Perhaps second only to the Dandelion in familiarity and ease of
recognition, Cattails (Typha spp.), are the closest thing you will
find to a wild grocery store. Cattail is one of the only wild plants that
is a good source of carbohydrates. This life giving starch was a staple of
Native American tribes. Due of its proliferation, cattail was never
cultivated. It quite simply grows everywhere. Unlike many wild edibles, a
stand of cattail remains a viable food source all year long. I am bothered
that there are numerous people in this country that go to bed hungry each
night, when growing right outside their door is a cornucopia of wild
Cat-o-nine-tail, Punks, Corn Dog Grass
This perennial aquatic plant is easily recognizable by the
distinctive cigar shaped flower spike that occurs at the top of a
long stalk extending upward through a cluster of pale green, tape
like leaves. It is important to note that the leaves wrap around
and tightly sheath the stalk toward its base, and often extend
below the water surface.
allow it to be easily distinguished from the poison Blue Flag, or
Wild Iris. Blue Flag only reaches 2ft in height. The leaves of the
Blue Flag do not sheath the flower stem, but rather start from the
3 - 12 feet high at maturity.
Long pale green tape-like lance shaped
leaves which wrap around and tightly sheath the stalk toward
its base, and often extend below the water surface.
Single erect terminating in a brown
cigar shaped flower spike.
Distinctive cigar shaped flower spike
that occurs at the top of a long stalk.
In autumn the flower spike ripens and
bursts forth with a mass of fluffy cotton like seeds.
Shallow waters of marshes and streams.
Margins of ponds and lakes. Some species in brackish water.
Stems - trail
nibble, salad, cooked vegetable. The young shoots and stems taste
Flower spikes -
Cooked Vegetable. Gather when green. Boil for a few minutes. They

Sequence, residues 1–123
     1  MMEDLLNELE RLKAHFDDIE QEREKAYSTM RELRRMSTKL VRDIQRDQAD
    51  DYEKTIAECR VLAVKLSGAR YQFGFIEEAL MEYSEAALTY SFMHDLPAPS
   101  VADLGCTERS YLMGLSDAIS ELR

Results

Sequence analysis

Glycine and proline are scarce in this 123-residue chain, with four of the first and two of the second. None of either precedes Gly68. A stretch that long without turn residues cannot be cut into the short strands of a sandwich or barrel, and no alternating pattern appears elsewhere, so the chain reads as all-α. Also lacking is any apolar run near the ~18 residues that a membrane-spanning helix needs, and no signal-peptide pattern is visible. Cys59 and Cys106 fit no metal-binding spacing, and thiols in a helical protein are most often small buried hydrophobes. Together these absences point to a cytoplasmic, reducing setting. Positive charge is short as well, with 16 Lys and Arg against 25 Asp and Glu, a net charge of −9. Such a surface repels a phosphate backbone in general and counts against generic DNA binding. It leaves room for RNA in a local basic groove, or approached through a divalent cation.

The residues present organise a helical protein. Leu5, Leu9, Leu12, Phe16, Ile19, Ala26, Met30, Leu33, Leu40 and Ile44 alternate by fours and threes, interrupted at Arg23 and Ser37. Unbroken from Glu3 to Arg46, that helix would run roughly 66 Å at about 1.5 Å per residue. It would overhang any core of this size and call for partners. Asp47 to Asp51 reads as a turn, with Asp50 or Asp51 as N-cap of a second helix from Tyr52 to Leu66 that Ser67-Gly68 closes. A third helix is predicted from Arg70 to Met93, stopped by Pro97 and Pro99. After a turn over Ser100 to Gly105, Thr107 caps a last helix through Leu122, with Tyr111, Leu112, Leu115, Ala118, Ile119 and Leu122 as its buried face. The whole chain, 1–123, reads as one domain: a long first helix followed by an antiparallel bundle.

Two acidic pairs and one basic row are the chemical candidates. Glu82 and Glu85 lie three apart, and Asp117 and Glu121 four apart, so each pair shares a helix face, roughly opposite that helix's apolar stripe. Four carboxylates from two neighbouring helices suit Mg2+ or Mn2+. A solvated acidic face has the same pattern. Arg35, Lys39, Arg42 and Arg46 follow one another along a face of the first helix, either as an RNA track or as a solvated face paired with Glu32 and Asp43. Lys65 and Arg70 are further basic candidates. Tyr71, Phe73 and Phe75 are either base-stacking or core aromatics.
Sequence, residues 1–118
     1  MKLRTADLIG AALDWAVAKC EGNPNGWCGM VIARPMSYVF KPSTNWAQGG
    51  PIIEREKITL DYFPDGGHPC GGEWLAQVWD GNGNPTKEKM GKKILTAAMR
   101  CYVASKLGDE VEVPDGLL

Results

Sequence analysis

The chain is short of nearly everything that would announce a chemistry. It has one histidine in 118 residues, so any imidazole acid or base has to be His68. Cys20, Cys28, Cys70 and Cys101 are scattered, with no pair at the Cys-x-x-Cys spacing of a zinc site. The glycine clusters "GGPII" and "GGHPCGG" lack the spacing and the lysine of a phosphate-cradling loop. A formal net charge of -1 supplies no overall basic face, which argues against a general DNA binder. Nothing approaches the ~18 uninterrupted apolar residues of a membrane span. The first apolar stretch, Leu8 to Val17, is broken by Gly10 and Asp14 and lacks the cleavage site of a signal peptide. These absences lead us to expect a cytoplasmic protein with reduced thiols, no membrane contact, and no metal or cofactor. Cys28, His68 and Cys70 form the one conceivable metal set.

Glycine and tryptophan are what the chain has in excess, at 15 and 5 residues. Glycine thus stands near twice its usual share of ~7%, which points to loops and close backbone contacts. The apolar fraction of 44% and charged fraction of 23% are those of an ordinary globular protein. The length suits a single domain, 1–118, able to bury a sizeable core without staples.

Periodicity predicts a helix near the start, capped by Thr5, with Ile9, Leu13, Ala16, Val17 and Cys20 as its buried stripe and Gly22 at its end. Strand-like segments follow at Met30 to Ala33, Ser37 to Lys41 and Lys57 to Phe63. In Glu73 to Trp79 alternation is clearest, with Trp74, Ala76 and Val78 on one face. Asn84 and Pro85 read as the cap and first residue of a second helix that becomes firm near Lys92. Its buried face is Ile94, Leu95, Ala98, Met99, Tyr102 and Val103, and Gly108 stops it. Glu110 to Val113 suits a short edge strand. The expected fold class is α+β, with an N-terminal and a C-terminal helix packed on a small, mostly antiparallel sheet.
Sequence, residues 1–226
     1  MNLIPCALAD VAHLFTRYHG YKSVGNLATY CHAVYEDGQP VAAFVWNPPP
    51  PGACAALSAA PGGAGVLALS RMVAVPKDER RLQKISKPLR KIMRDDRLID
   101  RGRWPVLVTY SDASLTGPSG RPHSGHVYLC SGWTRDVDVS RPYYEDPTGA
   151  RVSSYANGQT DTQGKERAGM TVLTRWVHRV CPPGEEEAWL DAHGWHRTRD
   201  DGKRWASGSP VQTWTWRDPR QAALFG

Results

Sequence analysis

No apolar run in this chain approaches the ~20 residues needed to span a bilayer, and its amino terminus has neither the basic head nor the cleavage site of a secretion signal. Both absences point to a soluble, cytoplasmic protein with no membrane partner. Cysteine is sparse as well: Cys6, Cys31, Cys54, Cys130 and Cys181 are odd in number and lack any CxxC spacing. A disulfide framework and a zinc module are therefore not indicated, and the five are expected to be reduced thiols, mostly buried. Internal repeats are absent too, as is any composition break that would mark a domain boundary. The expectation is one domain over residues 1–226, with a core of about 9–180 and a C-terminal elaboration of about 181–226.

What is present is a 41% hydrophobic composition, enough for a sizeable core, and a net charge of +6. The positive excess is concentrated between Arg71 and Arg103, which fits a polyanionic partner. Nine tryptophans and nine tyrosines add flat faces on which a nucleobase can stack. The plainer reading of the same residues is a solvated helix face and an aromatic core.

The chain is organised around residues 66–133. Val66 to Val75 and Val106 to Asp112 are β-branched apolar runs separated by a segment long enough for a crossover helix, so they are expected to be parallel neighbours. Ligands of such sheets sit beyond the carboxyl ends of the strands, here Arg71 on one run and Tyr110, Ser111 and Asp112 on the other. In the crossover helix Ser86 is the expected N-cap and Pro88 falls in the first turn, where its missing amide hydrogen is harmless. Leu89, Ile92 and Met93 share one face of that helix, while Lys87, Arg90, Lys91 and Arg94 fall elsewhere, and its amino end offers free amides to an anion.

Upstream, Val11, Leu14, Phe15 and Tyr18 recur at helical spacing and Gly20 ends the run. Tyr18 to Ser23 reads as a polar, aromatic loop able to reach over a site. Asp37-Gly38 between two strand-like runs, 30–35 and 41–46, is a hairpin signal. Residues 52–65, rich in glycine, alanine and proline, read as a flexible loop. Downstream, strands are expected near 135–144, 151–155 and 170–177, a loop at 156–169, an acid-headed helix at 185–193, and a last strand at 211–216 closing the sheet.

taste reminiscent of corn on the cob
Pollen - Flour.
For a short time in late spring or early summer, before the flower
spikes turn brown, the green pollen can be gathered by carefully
bending the flower head into a bag, and shaking it gently. the
flour will fall into the bottom of the bag. be careful not to let
the wind get to it, as this is so light, a small wind will blow it
away. I have never been able to collect enough to make it a viable
food source, but it is still fun to try.
Rhizome - Flour
Corm - Flour, potato substitute
Tubers - Potato
Thatching, weaving mats.
Dried flower head
Wild Food Uses:
From early spring through early summer
the flower stalks have an excellent, refreshing, cucumber like
flavor. They are very good in soups, salads, and just peeled and
eaten raw. Select a plant, and start by peeling the first few
layers of leaves away to below the water level. Now grasp the
entire stem just above the water level, and pull gently upward.
The stem will release from the rhizome. Peel away the remaining
fibrous leaves until you end up with the tender inner stem. Rinse
in clean water to remove the slightly slimy coating. I have heard
this goop can also be saved to thicken soups, but it never seemed
worth the trouble to me, so I just rinse it off. Eat the stem bite
by bite from the white end. As you begin to reach the upper
fibrous parts, just peel away more leaves, and continue to enjoy.
You can also gather the rhizome, corms, and
tubers. All are starchy, and excellent sources of carbohydrates.
The rhizomes are quite fibrous, but they can be pounded, and the
fibers strained out, and the mixture placed in a bucket of water.
After the starch settles to the bottom, pour the water off the